For the Most Beautiful

Written by Emily Hauser
Review by Nicky Moxey

Think of the tale of Troy. What names can you remember? Active men – Achilles, Paris. Passive women – Helen, only remembered for being beautiful; Cassandra, laughed at for her unbelievable prophesies. In For The Most Beautiful, Emily Hauser has told the story of two unlikely heroes, women whose voices have been lost. Krisayis, daughter of the Trojans’ High Priest, and Briseis, princess of Pedasus, start near the top of the hierarchy, but both are enslaved by the Greeks. Their struggles in the face of that disaster, and the need to preserve the essence of Troy, form the core of the book. Looking down from the clouds is the panoply of gods – with their own desires and agendas, and with two of the female gods grumpy because they were not chosen as “most beautiful”…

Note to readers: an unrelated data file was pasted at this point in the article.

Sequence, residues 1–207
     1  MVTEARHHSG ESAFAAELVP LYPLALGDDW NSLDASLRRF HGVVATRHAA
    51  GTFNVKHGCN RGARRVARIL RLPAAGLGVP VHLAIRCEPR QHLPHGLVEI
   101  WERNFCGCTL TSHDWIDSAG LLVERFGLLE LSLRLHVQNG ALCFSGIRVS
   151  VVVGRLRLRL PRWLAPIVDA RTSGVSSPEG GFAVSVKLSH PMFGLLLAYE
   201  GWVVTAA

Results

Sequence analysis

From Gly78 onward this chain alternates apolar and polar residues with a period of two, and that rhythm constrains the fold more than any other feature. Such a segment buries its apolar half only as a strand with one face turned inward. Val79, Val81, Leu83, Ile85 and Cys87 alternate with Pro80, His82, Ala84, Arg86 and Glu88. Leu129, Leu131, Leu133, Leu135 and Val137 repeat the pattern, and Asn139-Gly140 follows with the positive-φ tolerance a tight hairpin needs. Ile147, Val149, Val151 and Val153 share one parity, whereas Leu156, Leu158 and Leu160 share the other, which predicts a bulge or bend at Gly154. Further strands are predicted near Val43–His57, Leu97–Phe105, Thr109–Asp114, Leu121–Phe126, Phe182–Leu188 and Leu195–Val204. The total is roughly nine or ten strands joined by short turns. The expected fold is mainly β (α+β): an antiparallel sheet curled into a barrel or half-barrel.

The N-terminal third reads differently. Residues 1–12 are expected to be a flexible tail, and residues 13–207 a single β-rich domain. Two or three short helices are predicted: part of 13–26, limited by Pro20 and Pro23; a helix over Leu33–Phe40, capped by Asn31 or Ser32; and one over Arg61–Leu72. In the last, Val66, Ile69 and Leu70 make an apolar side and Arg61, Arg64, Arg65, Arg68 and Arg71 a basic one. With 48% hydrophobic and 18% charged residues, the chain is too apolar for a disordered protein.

If I hadn’t been reading a review copy, I might have abandoned it. The early vacuousness of its protagonists, and the shallowness of the gods, really irritated me. But I persevered, and gradually grew to like, and then admire, the girls – very much. I got to the end of the book, and immediately read it again, this time appreciating the superb character arcs that Emily Hauser has drawn. The gods hadn’t changed, but then that is the nature of gods. This is a fascinating picture of life in Bronze-Age Troy, from the point of view of women at both the top and bottom of society. The author’s knowledge of, and respect for, the period shines through. Read it twice. You won’t regret it.